Ghazal 113, Verse 1


nahii;N hai za;xm ko))ii ba;xye ke dar-;xvur mire tan me;N
hu))aa hai taar-e ashk-e yaas rishtah chashm-e sozan me;N

1) there is no wound suitable/fit for stitching up, in my body

2a) the thread in the eye of the needle has become a string of tears of despair
2b) the string of tears of despair has become the 'thread' in the eye of a needle


ba;xyah : 'Stitching; back-stitch; sewing with long stitches, basting, tacking; sewing very thick and strong; quilting'. (Platts p.138)


dar-;xvur : 'Suitable, proper, fit, becoming'. (Platts p.511)


That is, when the needle despaired of the stitching up of the wound, then its thread became the string of tears of despair. (121)

== Nazm page 121

Bekhud Dihlavi:

He says, in my body no wound is worth stitching up-- that is, there are such big and deep wounds that a needle can't be used in them. For this reason, the thread in the eye of the needle has, out of despair, become a string of tears. (171)

Bekhud Mohani:

In my body no wound is such that it can be stitched up. That is, every wound is incurable. This is the reason that the thread that was in the needle became a string of tears of vain longing. That is, even the eye of the needle weeps at my situation. That is, the helper wanted to to stitch up the wound, but seeing that the wounds were incurable, he gave up. (227)



It's pretty startling and evocative wordplay, isn't it? The speaker's wounds are so deep, so incurable, so un-close-uppable, that from the 'eye' of the needle flows a long 'string' of tears, expressing both its sympathy with his pain, and its sorrow at its own inability to be of any help.

Thus far (2a), which the commentators insist upon. But thanks to the 'symmetry' built into Urdu grammar, also quite possible is (2b). None of the lover's wounds needs stitching up any more, because he's already used his endless 'string' of tears to thread the 'eye' of a needle, and has thus been able, after his own preferred fashion, to attend to them. Between the sting of the tears and the burning [soz] and piercing of the needle [sozan], the lover has made sure that the wounds are in exactly the state they should be in.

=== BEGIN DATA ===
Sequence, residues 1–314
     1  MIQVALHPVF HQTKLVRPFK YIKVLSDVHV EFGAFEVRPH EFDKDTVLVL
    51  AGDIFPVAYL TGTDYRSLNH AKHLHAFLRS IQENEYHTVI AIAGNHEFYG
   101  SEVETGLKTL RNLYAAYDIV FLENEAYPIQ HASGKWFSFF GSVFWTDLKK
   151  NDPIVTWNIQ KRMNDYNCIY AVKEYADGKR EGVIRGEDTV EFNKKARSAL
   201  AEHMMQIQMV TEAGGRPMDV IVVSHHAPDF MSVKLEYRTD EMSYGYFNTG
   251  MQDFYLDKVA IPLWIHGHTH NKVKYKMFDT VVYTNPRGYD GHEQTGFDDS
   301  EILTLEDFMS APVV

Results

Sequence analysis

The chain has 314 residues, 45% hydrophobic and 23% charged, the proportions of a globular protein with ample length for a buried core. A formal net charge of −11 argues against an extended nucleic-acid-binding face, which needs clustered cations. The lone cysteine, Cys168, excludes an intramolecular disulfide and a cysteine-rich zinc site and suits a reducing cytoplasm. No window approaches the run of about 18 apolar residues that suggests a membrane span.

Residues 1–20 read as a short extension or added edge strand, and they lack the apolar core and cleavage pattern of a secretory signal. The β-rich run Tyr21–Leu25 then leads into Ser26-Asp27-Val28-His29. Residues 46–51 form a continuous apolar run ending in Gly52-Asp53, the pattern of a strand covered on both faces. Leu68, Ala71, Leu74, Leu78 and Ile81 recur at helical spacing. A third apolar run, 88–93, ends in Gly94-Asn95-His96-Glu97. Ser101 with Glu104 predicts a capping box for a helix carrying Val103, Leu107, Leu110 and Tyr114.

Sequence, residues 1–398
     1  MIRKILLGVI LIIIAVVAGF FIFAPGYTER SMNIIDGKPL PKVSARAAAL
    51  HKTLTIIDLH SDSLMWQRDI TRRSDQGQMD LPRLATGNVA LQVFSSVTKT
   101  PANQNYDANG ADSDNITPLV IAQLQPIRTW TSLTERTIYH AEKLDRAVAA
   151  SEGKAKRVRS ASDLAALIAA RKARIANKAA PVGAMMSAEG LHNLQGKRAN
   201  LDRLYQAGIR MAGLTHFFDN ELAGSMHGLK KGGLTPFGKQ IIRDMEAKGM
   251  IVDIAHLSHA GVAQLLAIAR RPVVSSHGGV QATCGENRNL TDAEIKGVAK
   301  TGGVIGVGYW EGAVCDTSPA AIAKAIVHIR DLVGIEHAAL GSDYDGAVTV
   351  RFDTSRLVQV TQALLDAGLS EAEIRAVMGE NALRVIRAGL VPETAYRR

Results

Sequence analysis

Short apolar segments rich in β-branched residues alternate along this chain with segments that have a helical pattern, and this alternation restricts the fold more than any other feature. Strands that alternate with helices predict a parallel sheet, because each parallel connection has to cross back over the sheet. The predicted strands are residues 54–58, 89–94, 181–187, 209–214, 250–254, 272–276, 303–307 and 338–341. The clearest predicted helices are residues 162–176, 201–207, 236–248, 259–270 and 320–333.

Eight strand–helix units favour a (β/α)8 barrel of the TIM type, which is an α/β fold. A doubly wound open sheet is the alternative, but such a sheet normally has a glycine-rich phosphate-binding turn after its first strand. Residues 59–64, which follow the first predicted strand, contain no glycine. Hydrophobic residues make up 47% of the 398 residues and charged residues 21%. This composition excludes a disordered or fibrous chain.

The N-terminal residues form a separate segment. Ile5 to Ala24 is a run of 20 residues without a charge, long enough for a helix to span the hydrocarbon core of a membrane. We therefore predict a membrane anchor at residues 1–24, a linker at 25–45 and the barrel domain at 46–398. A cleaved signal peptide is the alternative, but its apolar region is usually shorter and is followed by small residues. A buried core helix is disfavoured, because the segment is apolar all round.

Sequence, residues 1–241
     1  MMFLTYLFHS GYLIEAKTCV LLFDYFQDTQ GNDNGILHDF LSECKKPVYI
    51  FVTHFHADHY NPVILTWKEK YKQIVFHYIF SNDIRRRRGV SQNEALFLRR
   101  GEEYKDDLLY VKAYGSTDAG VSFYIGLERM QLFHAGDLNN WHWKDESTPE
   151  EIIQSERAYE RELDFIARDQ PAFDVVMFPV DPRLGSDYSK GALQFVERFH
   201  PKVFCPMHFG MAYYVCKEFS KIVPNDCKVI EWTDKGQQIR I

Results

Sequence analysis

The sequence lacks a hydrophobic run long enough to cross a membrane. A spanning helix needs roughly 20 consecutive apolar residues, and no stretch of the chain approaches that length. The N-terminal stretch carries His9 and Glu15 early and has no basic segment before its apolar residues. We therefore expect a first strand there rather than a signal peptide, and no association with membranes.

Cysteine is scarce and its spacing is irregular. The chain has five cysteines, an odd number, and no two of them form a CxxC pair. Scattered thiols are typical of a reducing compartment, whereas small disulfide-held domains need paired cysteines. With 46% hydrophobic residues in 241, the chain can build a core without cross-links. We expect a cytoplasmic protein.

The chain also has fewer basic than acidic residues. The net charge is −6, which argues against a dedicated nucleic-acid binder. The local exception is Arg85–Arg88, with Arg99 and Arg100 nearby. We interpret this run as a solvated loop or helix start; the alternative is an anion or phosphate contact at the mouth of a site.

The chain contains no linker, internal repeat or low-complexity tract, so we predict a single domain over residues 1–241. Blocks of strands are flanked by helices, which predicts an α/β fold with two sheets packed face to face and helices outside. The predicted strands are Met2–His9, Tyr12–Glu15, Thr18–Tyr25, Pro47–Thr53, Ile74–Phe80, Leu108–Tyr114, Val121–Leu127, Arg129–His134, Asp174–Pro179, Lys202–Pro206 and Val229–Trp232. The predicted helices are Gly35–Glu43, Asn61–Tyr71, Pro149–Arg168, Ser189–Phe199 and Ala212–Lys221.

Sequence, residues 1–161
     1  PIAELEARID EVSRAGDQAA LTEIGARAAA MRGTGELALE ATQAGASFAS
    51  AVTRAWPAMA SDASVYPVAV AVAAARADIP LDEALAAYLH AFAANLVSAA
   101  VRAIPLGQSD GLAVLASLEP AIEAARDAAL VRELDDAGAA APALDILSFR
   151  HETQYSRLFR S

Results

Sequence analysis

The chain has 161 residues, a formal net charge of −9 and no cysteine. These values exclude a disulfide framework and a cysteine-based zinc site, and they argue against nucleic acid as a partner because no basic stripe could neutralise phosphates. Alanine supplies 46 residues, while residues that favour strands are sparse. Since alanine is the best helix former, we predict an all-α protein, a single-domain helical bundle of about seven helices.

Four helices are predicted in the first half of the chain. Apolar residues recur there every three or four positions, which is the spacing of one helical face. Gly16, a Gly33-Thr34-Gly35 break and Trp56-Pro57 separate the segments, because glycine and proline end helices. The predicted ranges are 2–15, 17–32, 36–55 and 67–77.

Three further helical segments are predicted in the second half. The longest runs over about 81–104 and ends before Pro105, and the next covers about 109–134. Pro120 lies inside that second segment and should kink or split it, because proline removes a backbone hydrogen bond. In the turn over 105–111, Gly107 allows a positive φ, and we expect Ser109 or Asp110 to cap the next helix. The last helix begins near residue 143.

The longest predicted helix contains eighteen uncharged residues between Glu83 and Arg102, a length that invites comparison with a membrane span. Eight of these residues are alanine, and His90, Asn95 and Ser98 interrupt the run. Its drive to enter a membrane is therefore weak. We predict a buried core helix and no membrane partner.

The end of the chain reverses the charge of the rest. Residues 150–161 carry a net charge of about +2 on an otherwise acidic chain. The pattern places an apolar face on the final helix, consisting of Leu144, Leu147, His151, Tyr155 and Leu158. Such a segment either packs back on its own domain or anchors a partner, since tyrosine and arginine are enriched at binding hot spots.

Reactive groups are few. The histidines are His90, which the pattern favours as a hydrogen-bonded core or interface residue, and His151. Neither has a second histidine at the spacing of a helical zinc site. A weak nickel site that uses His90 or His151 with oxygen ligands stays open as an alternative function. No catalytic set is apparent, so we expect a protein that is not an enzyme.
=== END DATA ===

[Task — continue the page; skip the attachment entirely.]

Which means either that they're no longer fit for being stitched up because he's already given himself over to 'despair', and thus has so hopelessly deepened and irritated them; or else that they're no longer in need of being stitched up, since in his madness he's already 'fixed them' to his (fatal) satisfac tion, with stitches made from tears of 'despair'. In short, a 'thread' made from tears of despair is all the stitching-up they'll ever get (or will ever need?).

Compare {111,11}, in which the rips in the lover's torn collar are 'stitched up' by his suppressed, but constantly recurring, sighs.


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